San Francisco

Trip Start Nov 01, 2009
Trip End Nov 30, 2010

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Flag of United States  , California
Thursday, June 17, 2010


Day 1 San Francisco - We started the morning in Merced making sure we got our free breakfast of cereal and make your own waffles -which Doog made and I helped him eat with lots of syrup. We left our room with than a minute left before the check out time, and then spent the next 20 minutes in the car park using the free WiFi from the motel to get directions to our hostel in San Fran.

The drive was on a highway for the whole way there, not the most attractive of routes, with the only notable feature before San Fran being a huge wind farm. We drove into the centre of San Fran over Bay Bridge from where you could see downtown San Fran, Alcatraz and a hazy Golden Gate Bridge in the distance. we couldn’t help but feel a bit excited about what the next few days would have in store.

After driving a short distance to Jones Street, we left the car for 3 nights in a car park at $20/night, which seemed fairly reasonable. It was a relief to give up the car for a few days after having a close shave going down a one way street the wrong way and needing to do a U turn in a bus only depot. Luckily the policeman parked across the road was more interested in his lunch and didn’t notice the shocker Doog was having…although once again Doog kept his cool and pulled off the maneuver to get us back on track.

Once we had checked into our hostel, had assessed the industrial sized kitchen and that the England v Algeria game would be shown in the mini cinema in the basement the following day, we set about planning our time in San Fran. Above all we wanted to go to Alcatraz, but we found out that the only tickets available online were for Sunday afternoon and we were planning to leave early Sunday for our drive to LA. Slightly concerned we decided to walk to Pier 33, where all the tour boats left from, to see if there were any tickets available at the ticket booths there. Our walk to Pier 33 took us through some of the less touristy parts of Chinatown, where people were selling vegetables on the street and the pong of fish hit you outside every other shop. We battled our way through the masses of people negotiating the prices of various goods until we had left Chinatown and the streets got clearer again.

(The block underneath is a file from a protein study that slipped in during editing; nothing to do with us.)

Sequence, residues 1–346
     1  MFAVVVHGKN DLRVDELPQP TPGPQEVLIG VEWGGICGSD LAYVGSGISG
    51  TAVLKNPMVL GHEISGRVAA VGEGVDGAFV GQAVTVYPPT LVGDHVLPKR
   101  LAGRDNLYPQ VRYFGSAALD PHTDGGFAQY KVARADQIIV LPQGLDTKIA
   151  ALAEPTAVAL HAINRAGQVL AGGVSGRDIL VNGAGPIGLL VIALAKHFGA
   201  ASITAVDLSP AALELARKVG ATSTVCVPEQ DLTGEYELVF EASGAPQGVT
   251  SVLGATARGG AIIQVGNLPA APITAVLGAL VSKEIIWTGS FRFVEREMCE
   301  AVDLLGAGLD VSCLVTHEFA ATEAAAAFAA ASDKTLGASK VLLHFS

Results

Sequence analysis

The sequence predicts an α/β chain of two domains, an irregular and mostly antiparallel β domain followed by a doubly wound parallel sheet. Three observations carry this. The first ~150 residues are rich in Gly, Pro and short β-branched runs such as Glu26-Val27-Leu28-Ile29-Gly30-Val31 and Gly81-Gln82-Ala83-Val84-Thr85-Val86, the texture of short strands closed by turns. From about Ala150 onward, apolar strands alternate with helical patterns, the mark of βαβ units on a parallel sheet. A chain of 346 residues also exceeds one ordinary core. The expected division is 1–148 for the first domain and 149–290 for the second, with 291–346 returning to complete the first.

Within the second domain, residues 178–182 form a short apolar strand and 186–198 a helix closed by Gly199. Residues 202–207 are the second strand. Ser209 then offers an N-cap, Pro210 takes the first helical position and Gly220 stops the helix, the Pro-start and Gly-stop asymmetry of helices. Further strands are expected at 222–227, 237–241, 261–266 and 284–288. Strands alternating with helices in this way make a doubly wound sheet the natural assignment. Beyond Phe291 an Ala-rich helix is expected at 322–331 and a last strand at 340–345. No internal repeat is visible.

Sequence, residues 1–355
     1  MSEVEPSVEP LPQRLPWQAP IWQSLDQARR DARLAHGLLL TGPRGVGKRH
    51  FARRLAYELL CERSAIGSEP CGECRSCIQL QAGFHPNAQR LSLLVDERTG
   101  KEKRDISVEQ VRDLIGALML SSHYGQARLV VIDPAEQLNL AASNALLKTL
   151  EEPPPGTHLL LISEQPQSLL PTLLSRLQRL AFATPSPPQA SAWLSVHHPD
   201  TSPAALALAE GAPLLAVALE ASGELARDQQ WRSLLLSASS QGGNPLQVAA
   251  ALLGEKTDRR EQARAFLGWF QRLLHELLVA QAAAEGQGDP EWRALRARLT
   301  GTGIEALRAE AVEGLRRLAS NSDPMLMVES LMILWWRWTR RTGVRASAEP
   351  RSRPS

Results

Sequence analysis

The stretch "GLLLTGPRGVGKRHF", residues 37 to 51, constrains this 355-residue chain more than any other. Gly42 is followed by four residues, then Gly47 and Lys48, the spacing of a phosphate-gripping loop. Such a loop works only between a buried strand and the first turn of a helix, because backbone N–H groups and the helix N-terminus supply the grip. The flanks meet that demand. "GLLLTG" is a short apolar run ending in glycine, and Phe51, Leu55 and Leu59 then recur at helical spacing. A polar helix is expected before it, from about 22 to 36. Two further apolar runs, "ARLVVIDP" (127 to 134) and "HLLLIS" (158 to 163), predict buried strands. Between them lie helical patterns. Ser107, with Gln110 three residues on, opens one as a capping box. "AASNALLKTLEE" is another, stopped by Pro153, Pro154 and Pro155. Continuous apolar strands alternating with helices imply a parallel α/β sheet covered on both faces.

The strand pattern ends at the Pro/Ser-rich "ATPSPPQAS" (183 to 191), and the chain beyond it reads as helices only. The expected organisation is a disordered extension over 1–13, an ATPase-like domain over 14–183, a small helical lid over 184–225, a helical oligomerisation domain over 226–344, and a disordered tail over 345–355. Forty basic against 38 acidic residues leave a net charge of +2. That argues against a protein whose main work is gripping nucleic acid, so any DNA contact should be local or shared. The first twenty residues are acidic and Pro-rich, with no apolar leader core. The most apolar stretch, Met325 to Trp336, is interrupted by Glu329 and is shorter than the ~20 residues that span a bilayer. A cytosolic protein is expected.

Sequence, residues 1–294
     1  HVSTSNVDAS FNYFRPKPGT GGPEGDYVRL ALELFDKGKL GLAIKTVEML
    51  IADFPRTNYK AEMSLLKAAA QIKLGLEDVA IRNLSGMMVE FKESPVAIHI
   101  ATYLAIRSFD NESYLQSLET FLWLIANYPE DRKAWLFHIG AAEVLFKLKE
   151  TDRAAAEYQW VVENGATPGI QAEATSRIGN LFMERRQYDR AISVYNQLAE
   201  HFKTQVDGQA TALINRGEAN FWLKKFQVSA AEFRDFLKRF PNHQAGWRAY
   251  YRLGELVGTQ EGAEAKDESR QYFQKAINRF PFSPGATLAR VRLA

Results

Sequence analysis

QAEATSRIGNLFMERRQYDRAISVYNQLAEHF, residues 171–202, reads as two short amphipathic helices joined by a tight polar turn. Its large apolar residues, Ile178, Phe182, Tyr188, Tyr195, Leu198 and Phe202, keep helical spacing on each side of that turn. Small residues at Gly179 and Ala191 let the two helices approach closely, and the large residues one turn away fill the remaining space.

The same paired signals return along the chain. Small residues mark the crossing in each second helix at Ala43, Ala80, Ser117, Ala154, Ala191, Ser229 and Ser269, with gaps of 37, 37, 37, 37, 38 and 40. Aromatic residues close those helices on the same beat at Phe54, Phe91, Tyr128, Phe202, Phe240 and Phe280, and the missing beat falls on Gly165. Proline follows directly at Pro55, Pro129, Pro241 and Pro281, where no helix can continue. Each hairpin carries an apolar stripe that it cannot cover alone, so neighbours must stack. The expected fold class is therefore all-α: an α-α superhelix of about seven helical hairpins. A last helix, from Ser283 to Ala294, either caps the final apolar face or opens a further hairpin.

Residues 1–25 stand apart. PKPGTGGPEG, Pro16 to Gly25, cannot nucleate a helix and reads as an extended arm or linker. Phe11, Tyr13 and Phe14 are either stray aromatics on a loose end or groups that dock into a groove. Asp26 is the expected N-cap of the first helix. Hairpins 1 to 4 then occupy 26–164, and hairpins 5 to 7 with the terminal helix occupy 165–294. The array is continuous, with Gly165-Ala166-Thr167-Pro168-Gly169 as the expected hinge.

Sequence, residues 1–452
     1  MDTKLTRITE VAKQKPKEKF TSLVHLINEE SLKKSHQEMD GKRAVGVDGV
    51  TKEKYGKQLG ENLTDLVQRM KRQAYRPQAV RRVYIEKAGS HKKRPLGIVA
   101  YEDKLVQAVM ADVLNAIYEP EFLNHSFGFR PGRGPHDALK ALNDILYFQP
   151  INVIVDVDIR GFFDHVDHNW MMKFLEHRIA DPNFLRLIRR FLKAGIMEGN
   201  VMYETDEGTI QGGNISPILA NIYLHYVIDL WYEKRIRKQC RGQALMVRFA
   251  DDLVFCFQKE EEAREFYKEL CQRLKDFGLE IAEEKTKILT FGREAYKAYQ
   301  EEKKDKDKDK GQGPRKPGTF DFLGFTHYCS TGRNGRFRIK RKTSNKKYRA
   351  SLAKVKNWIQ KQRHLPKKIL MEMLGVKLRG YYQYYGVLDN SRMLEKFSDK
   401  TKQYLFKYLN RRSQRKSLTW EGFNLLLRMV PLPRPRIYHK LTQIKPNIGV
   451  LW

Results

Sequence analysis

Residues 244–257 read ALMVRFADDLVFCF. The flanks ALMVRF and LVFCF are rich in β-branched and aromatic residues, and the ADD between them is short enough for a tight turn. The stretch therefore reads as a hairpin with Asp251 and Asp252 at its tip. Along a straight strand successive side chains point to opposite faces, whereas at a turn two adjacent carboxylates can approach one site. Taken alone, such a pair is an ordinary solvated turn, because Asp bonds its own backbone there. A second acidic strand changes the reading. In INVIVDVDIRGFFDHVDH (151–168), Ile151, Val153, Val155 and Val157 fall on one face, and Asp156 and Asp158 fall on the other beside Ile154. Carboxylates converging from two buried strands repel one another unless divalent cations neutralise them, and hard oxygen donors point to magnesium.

As we approached Pier 33, we heard a loud “excuse me!” from behind, as a woman flew towards us in an electric wheel chair. She was a very strange lady, who we thought might never leave our side. Eventually, she explained that she had ‘electric cigarett-itis’ as she inhaled on a plastic cigarette with a red LED at the end of it. When she found out that we didn’t have any real cigarettes to give her, she whizzed off looking for other people to almost run over and then ask for a cigarette.

When we arrived at Pier 33, we found that there were no more tickets left there either for Friday or Saturday, only for Sunday afternoon. So we walked around various Alcatraz information boards and through the souvenir shop feeling very sorry for ourselves. On leaving Pier 33, we were distracted enough by the things around us to move on a little from our disappointment. We walked through Fisherman’s Wharf, a pier which had been developed with lots of touristy shops, bars and restaurants along it, with a view of Alcatraz at the end of the pier over the bay. We briefly looked at the view before going into some of the shops to get out of the bitterly cold wind.

After attempting to buy jeans from a Levis shop, which turned out to be a spy shop (they had just not bothered to take the Levis sale sign down) with lots of cameras hidden in pens and things like that, we headed to Lombard Street to see the ‘world’s most crooked street’. The houses on this street must be some of the most photographed houses in the world, as people risked being run over to get the perfect photo.

With one more stop at the supermarket, we headed back to the hostel to cook dinner. En route, we saw one of San Fran’s famous cable cars for the first time as it grinded past us on the tram tracks with people spilling out and hanging from the sides.


Day 2 San Francisco - We woke up at the same time as another guy in our dorm who jumped out of bed fully clothed, in jeans and T shirt, ready for the day ahead - why bother putting on PJ’s when you only have to take them off again in the morning!?